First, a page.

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20 Oct 14:36

Blog: VR music tips for the game composer

Strategies for implementing music in VR projects were offered during the Virtual Reality Developers Conference this year, so let's look at some of the best tips. ...

30 Sep 15:44

To better grok how all 37 trillion human cells work, we need new tools

by Cyrus Farivar

At Ars Technica Live, Aaron Streets discussed the ways he's using microfluidics to advance cellular biology. (video link)

In recent decades, one of the largest-scale government-funded science research projects was the Human Genome Project, an effort to map the entire genetic blueprint of our species.

Since 2016, a new version of that herculean effort is underway, known as the Human Cell Atlas.

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26 Apr 12:53

Feds: someone gave us the passcode in NY drug case, so we don’t need Apple

by Cyrus Farivar

(credit: Beryl_snw)

In a short letter filed Friday evening, US federal prosecutors wrote to a Brooklyn judge to say that they no longer needed Apple’s help in accessing the data on a seized iPhone 5S running iOS 7 associated with a drug case.

In the letter, United States Attorney Robert Capers wrote:

The government respectfully submits this letter to update the Court and the parties. Yesterday evening, an individual provided the passcode to the iPhone at issue in this case. Late last night, the government used that passcode by hand and gained access to the iPhone. Accordingly, the government no longer needs Apple’s assistance to unlock the iPhone, and withdraws its application.

This case pre-dates the debacle that played out earlier this year in San Bernardino, but relied on many of the same legal arguments. Here, in October 2015, the government asked the court to grant it an order that would have forced Apple to assist the unlocking of a phone belonging to Jun Feng, a man who eventually pleaded guilty to drug charges. Unlike the case in California however, Apple does have the ability to extract data on pre-iOS 8 devices with minimal difficulty. Feng has claimed that he forgot the passcode to this particular iPhone. According to the Wall Street Journal, it was Feng himself who recently supplied the passcode to investigators.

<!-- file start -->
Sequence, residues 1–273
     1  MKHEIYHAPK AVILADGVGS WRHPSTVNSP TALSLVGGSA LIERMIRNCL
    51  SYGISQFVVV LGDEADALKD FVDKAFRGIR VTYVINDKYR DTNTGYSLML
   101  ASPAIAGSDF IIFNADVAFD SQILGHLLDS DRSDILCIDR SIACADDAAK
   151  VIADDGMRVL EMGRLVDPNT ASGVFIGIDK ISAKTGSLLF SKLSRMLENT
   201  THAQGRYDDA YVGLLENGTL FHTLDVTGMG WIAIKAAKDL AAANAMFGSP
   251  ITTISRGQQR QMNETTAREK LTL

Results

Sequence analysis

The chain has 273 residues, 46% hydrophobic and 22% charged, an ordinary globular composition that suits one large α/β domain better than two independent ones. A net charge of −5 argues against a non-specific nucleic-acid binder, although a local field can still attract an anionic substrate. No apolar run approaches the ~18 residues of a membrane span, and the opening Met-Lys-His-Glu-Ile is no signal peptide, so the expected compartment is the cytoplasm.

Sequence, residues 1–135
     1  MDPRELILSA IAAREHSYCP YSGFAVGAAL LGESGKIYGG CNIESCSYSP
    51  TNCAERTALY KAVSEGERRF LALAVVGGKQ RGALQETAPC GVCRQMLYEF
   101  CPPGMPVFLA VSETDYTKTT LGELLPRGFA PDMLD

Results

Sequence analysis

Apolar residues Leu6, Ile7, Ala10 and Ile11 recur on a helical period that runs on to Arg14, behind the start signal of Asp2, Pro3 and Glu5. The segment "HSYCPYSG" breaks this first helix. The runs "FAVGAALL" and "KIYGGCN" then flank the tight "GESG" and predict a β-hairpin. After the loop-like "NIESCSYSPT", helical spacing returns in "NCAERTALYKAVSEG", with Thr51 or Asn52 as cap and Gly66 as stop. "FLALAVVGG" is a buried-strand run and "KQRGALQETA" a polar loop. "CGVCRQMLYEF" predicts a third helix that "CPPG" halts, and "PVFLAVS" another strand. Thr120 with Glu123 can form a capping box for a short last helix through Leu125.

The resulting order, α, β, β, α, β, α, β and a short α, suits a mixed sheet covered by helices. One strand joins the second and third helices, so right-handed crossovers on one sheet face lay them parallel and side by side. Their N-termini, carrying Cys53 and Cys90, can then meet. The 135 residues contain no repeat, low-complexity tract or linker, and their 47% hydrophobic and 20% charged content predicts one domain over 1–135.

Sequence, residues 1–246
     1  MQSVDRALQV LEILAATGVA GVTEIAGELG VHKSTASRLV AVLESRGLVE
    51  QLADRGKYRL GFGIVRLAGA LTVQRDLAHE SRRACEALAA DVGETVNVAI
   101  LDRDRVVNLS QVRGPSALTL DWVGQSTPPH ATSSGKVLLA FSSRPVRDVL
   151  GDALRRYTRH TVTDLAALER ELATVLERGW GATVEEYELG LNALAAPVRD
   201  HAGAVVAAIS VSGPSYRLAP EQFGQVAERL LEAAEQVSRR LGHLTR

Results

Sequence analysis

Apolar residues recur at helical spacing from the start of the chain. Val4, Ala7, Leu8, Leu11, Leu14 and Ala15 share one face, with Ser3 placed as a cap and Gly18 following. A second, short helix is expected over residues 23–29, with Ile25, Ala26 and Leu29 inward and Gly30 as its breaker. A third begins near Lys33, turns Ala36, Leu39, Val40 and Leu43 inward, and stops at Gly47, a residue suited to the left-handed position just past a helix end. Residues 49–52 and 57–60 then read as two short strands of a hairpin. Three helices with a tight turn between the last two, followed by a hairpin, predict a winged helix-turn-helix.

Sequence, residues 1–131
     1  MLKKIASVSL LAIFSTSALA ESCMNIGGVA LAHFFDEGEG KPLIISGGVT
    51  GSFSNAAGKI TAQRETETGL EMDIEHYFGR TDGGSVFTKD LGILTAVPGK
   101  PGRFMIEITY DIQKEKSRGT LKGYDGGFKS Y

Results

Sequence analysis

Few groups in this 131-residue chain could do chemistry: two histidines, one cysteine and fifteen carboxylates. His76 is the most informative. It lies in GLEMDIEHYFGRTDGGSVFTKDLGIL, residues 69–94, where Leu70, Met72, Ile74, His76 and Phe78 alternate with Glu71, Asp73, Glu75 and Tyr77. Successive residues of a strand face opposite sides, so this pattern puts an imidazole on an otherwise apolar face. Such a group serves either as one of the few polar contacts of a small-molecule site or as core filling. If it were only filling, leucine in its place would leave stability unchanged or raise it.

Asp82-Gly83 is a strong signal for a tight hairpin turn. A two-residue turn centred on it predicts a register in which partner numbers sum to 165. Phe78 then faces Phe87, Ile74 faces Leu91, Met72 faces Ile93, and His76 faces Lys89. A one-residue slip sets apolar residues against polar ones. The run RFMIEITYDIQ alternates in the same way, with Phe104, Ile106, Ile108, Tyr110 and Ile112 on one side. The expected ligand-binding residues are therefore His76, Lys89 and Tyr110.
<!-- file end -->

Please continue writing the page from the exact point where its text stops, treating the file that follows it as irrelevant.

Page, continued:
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28 Dec 15:24

Pouring a Thermos of Hot Tea at -40°C Near the Arctic Circle

by Christopher Jobson


Ontario-based photographer Michael Davies timed this impressive shot of his friend Markus hurling a thermos of hot tea through the air yesterday in -40°C weather. At such frigid temperatures water freezes instantly to form a dramatic plume of ice. For the last decade Davies has worked as a photographer in the fly-in community of Pangnirtung in Canada’s High Arctic, only 20km south of the Arctic Circle, a place that sees about two hours of sunlight each day during the winter. He shares via email that almost nothing was left to chance in creating the photo, as so many things had to be perfectly timed:

Around 1pm I jumped on my skidoo along with my friend Markus and we drove 45 minutes to the top of a nearby mountain where the light (which is almost always pink near the solstice) would hit the hills. Prepared with multiple thermoses filled with tea, we began tossing the water and shooting. Nothing of this shot was to chance, I followed the temperature, watched for calm wind, and planned the shot and set it up. Even the sun in the middle of the spray was something I was hoping for, even though it’s impossible to control.

You can see more of Davies’ most recent photography over on Flickr.


28 May 12:30

Google's experimental 3D-scanning tablet goes on public sale for $512

by Mat Smith
If you're fascinated (or baffled) by Google's spatially aware, three-dimensionally scanning Project Tango tablet, you can now buy and try one yourself. The in-development tablet is now (still?) $512, invite-free at the Google Store. While the device ...
09 Apr 12:37

IBM Tests Mobile Computing Pioneer’s Controversial Brain Algorithms

IBM is testing a contentious idea for making computers more intelligent by trying to copy mechanisms from the human brain.

For more than a decade Jeff Hawkins, founder of mobile computing company Palm, has dedicated his time and fortune to a theory meant to explain the workings of the human brain, and provide a blueprint for a powerful new kind of artificial intelligence software. But Hawkins’s company, Numenta, has made little impact on the tech industry, even as machine learning has become central to companies such as Google.